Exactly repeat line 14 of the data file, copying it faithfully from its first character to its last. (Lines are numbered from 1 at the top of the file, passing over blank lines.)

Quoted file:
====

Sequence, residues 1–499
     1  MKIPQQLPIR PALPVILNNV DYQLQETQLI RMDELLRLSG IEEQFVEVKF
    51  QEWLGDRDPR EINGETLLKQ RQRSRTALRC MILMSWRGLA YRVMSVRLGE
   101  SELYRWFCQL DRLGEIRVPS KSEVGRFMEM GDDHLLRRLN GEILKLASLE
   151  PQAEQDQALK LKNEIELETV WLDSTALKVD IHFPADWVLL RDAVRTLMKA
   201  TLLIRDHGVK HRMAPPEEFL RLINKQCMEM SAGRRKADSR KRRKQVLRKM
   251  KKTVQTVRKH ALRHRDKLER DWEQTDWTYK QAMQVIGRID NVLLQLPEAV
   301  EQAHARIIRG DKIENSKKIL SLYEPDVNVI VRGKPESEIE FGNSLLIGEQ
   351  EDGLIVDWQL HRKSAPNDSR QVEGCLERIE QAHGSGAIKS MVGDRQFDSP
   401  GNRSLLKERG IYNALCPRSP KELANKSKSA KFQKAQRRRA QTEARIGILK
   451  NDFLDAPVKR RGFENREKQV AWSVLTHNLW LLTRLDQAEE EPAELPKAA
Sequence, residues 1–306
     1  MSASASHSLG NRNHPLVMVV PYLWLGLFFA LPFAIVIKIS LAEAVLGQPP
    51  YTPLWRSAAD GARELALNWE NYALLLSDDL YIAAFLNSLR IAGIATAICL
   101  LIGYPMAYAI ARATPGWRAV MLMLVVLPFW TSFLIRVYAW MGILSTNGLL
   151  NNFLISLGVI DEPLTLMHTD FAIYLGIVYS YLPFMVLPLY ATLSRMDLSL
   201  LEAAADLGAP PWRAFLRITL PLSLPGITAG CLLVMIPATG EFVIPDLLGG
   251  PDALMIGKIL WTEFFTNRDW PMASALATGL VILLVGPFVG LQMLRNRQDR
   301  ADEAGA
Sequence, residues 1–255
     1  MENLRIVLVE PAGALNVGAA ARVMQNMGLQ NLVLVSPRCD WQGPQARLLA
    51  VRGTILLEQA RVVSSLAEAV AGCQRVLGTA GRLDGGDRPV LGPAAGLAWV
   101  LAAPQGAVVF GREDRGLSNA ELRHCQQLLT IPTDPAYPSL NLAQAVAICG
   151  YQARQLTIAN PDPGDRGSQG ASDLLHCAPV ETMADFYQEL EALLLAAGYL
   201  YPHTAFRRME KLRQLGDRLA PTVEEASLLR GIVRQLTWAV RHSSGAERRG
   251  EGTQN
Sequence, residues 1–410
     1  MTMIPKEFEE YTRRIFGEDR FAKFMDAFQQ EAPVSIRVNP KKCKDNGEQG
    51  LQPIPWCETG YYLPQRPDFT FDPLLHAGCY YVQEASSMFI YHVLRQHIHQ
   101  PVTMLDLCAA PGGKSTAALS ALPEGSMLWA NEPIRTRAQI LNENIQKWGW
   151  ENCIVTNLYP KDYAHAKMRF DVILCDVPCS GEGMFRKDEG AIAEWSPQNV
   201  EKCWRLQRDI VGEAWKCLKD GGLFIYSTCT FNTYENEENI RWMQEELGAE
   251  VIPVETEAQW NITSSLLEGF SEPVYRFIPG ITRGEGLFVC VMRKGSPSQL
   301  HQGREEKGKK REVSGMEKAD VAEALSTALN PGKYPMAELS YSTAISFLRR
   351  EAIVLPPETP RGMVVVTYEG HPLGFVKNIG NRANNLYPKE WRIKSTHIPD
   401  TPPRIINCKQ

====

    51  YTPLWRSAAD GARELALNWE NYALLLSDDL YIAAFLNSLR IAGIATAICL